After a two-week break for paternity leave, it's time to spin the dial, line up the combination numbers and re-open the vault. Earlier in the NBA's hiatus, we looked back at Bullets playoff games from the 1970s and the 1990s. Today, we go to the 1980s and revisit Game 5 of the 1986 first-round playoff series between the Washington Bullets and the Philadelphia 76ers.

Now, this is a game that older Bullets fans likely wouldn't want to relive. The Bullets not only lost the game, they got blown out, and it ended their season.

But it was also an interesting snapshot into an era of the NBA and of Bullets basketball and, in a way, it encapsulated what the Bullets were in the 1980s. They made the playoffs five straight years from 1983 to 1988 and lost in the first round each time. 

In 1986, the Bullets won only 39 games, yet they were the sixth seed. It was an especially bad year in the Eastern Conference, so bad that the Chicago Bulls set an NBA record that still stands as the worst team to ever make the playoffs. They were 30-52.

The Bullets won Game 1 against the Sixers, but fell on the road in Game 5 when basically all of their best players didn't show up. It was a major letdown.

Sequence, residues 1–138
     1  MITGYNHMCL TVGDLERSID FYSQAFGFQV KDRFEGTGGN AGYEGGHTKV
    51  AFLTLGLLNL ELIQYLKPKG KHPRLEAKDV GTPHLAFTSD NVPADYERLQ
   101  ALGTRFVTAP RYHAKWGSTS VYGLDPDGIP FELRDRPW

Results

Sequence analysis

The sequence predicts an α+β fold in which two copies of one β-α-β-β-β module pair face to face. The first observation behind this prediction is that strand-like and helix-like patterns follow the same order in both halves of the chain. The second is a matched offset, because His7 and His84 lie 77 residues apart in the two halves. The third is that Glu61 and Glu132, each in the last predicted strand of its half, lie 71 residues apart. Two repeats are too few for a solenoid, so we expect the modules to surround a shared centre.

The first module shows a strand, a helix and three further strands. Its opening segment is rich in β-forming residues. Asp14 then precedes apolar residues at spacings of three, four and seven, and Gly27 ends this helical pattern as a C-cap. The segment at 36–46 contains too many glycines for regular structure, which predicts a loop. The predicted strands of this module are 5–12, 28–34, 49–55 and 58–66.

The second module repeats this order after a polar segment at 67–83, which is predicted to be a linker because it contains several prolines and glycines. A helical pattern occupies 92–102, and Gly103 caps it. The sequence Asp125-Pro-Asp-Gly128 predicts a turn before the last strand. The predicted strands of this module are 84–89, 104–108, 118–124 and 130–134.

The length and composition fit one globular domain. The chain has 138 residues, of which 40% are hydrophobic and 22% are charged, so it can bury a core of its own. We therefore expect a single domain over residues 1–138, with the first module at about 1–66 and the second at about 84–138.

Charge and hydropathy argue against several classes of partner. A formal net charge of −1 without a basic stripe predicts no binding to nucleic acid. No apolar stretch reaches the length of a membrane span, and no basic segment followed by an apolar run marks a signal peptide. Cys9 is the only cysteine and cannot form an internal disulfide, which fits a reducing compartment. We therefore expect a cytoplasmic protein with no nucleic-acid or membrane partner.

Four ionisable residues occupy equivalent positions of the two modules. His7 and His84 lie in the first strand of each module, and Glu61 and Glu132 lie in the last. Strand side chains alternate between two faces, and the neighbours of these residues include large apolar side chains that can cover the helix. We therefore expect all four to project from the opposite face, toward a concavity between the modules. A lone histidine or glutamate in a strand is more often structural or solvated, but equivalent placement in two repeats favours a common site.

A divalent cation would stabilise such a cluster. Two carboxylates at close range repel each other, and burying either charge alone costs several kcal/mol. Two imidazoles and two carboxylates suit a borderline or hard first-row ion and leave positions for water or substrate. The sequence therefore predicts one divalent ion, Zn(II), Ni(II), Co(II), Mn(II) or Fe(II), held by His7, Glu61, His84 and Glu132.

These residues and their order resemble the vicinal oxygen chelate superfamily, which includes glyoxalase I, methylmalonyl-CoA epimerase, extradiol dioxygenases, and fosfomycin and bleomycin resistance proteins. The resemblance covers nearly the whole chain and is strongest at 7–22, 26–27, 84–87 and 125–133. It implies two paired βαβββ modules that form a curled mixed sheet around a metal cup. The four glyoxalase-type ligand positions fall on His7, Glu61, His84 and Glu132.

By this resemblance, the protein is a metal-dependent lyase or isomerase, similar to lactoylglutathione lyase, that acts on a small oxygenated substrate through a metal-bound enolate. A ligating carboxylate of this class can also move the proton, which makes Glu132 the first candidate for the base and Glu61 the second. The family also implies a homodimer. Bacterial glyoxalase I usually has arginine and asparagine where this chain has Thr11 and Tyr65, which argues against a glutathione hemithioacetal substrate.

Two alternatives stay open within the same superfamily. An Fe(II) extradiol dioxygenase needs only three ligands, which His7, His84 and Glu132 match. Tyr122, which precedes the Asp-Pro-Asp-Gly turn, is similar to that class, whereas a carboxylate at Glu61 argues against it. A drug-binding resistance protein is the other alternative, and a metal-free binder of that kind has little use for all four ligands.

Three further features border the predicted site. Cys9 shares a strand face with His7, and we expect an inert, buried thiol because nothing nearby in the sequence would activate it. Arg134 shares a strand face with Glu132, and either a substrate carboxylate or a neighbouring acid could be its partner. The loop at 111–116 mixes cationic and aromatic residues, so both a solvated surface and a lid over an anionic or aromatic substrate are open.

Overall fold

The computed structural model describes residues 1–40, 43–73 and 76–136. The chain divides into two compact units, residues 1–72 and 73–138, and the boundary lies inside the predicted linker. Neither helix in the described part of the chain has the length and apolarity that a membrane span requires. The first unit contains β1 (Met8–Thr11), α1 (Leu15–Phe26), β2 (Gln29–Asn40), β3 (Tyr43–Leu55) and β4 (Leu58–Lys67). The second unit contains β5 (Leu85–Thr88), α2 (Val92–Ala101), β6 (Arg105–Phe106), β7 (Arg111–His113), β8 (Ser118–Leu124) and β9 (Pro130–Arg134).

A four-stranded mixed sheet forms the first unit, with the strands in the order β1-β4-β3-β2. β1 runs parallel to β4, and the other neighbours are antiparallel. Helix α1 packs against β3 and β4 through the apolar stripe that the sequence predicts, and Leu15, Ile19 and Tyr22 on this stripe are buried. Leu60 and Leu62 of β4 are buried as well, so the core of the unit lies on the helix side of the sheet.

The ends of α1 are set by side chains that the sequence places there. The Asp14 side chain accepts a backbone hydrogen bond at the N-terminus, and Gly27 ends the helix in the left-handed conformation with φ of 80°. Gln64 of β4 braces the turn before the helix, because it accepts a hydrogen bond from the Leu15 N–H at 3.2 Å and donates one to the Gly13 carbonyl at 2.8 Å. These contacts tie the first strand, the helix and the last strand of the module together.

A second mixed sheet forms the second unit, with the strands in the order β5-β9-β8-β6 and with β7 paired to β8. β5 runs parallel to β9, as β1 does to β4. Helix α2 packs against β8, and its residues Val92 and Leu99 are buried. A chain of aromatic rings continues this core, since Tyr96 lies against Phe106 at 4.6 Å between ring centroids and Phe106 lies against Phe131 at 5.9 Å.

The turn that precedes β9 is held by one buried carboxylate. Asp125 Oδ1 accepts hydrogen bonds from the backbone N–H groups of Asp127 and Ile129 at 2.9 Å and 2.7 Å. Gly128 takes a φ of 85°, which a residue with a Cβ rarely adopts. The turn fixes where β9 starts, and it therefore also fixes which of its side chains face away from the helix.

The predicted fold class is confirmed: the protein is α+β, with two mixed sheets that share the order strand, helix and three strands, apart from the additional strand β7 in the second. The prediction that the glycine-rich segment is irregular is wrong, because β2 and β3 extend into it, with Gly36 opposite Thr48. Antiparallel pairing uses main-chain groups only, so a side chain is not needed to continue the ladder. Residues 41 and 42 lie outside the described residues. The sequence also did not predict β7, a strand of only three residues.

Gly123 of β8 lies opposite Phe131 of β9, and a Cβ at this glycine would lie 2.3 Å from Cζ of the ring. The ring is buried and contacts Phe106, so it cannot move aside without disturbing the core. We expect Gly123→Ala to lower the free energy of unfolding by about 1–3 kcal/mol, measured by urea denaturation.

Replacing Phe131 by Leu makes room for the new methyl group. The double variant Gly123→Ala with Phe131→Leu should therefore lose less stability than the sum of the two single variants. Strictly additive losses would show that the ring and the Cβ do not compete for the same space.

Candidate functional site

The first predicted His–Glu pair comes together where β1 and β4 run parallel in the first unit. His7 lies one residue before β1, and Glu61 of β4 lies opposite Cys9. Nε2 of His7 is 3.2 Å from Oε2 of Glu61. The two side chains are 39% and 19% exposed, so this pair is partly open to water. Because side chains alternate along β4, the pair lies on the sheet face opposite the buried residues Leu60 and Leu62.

But it was still a basketball time capsule worth looking back on. Here are five takeaways including pictures and GIFs of the best moments...

Bol's network debut

The NBA back then was not even close to what it is now in terms of worldwide reach. It was not far removed from the NBA Finals playing on tape delay and very few games were broadcast nationally. Usually, those national games featured teams like the Lakers and Celtics, not the Washington Bullets.

So this particular game marked the first time Manute Bol played on network television. The Bullets rookie was a person of intrigue because at 7-foot-6, he was the tallest player in NBA history at the time. Remember, this was before Gheorghe Muresan, Shawn Bradley and Yao Ming. 

Bol was also a fascinating player because as a rookie he led the league in blocked shots with a ridiculous average of 5.0 per game. He averaged more blocks than he did points (3.7).